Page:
Guild-hopping is most common when a player runs 10s with a guild, gears up and then decides to "graduate" to 25s, not just for better loot but also for the challenge and prestige. This phenomenon won't stop completely, but with the gear and difficulty level between the two versions being more in sync, I believe it'll happen less frequently. After all, it's a risk to switch guilds. If players are happy with their raiding experience in 10s, they won't feel like they're missing out by not running 25s. They'll be less likely to risk the switch. Of course, players will still switch guilds for other reasons, but this new system should have a positive impact on the most common cause.
Streamlined and more effective training and gearing
Yes, it will actually be more difficult to do these things during the first tier of Cataclysm, when the only max-level raids are the ones your guild is focused on. But this is short-term thinking. This situation will prevail only for a few months. When the next tier is released (and throughout the rest of the expansion), you'll have an entire tier for training and gearing up behind you, just like you do now.
However, you'll no longer be required to drag along 25 players to get the best available normal mode gear from those older raids. You'll have the option to put a smaller raid together for those players who actually want to run it -- without settling for lesser gear. Also, since that 10-player version will be similar in difficulty to its 25-player counterpart, you won't have to wonder whether someone who is adequate in 10s can cut it in 25s.
Flexibility to solve attendance issues
While it may be the case that an individual player's raiding options are more limited, for a raid leader, this system has intriguing possibilities. Think about it. Say you're a guild that runs both 25s and 10s currently. One night you're planning to run ICC25, but only 21 people show up. In most cases, you now have no options other than trying to pug the last four slots or call the raid, because your ICC-10 is scheduled on another night and/or people may be saved to it from earlier in the week.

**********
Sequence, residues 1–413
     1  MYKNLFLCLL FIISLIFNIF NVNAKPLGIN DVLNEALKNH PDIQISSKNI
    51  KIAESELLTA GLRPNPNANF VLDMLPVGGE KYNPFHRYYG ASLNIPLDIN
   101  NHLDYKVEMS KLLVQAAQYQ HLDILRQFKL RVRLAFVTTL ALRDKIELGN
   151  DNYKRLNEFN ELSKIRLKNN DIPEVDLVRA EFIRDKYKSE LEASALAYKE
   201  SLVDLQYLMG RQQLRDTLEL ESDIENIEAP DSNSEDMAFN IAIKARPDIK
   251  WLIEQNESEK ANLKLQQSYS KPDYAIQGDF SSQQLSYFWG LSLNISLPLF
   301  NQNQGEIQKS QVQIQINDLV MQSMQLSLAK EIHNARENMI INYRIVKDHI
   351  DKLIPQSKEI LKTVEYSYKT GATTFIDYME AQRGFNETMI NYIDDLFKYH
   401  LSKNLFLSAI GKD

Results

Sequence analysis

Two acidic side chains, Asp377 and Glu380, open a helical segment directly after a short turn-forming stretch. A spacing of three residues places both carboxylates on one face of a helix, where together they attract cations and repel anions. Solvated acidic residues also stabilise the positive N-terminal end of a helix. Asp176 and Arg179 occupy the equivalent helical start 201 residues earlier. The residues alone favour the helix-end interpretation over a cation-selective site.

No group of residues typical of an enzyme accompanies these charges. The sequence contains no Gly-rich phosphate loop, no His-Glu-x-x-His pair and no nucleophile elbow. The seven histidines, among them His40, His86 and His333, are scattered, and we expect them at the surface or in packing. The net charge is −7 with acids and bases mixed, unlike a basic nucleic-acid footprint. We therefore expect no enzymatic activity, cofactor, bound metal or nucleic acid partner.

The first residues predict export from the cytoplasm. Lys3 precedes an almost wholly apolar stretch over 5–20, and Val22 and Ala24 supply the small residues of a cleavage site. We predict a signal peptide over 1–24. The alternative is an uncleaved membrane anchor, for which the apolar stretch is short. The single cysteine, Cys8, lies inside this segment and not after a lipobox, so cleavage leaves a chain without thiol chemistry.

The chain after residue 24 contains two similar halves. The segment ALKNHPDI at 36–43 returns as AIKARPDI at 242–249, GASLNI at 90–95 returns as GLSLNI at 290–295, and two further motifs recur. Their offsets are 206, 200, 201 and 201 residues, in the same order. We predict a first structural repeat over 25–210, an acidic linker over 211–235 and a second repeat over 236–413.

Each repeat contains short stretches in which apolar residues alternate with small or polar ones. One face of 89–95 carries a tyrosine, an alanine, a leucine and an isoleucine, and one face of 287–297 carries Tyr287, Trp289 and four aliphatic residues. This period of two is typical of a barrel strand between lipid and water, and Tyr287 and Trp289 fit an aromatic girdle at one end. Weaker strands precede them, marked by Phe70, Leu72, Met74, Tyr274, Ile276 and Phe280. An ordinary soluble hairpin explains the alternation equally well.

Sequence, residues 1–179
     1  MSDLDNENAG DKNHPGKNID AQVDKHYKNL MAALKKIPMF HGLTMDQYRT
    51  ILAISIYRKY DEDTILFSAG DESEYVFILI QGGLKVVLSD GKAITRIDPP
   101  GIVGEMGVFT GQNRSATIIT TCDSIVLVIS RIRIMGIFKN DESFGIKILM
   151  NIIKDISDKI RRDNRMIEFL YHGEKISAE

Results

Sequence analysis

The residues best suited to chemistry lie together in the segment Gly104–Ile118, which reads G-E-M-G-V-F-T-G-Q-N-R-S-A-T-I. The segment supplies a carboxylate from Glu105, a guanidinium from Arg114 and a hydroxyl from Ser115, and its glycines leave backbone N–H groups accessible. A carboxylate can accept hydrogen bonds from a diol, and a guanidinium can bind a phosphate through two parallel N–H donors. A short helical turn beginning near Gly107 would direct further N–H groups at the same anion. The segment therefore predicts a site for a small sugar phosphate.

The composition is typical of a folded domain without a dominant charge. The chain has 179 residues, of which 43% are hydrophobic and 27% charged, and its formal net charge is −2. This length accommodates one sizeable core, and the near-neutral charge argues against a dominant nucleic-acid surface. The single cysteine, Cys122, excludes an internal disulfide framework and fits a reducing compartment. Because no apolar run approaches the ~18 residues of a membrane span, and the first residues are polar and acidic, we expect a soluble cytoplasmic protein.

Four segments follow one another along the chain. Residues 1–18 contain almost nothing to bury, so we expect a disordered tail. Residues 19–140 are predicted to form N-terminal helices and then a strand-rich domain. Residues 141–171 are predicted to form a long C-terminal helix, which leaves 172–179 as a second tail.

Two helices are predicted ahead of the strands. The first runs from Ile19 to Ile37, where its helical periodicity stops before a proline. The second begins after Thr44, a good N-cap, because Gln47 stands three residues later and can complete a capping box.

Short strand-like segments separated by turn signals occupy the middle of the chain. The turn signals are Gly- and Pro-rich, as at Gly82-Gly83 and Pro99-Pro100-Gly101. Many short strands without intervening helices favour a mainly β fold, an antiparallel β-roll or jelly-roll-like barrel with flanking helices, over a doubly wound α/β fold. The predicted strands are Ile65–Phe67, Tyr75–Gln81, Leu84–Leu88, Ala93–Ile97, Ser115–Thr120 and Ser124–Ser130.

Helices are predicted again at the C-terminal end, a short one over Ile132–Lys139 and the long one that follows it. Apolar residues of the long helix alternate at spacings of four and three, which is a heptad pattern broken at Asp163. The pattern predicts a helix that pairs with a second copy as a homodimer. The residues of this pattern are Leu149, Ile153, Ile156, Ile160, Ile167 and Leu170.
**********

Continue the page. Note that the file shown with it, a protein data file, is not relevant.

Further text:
In Cataclysm, you'll have the option to run two 10s -- assuming you have the tanks and healers among everyone's dual specs to pull it off -- and you'll get the exact same loot. Admittedly, the drawback would be having two separate IDs for future nights that week. Still, even that could work to your advantage. If you can switch an ID from its 10-player version to its 25, as Blizzard said they might allow, you could resume whichever run made it farther, with the entire guild, after the Tuesday reset.
Likewise, if you're really hurting during the summer or the holidays, you could run one 10-player raid instead, for the same loot.
For a guild that runs 10s, if your attendance is through the roof on a given night, you can try your luck at the 25-player version without fear that anyone is already saved to it. Then, if attendance later drops, you can switch your ID to 10s and slot your run as planned.
Ideally you'll want to run what you scheduled, but having this sort of flexibility could really help when unexpected attendance issues crop up.
Other advantages to this new way of raiding may become apparent when we're actually in the thick of it.
I know that I've only focused on the positive aspects of the changes in this column, but the disadvantages have already been documented at length pretty much anywhere you look. Rest assured that future columns will deal with how to handle some of these difficulties.
In my opinion, Cataclysm will be the best expansion to date for officers and guild leaders. We'll have new tools, new guild achievements, new guild systems and now a new way to handle raiding that, despite some drawbacks, certainly has upsides for us. Personally, I can't wait.
Send Scott your guild-related questions, conundrums, ideas and suggestions at firstname.lastname@example.org. You may find your question the subject of next week's Officers' Quarters!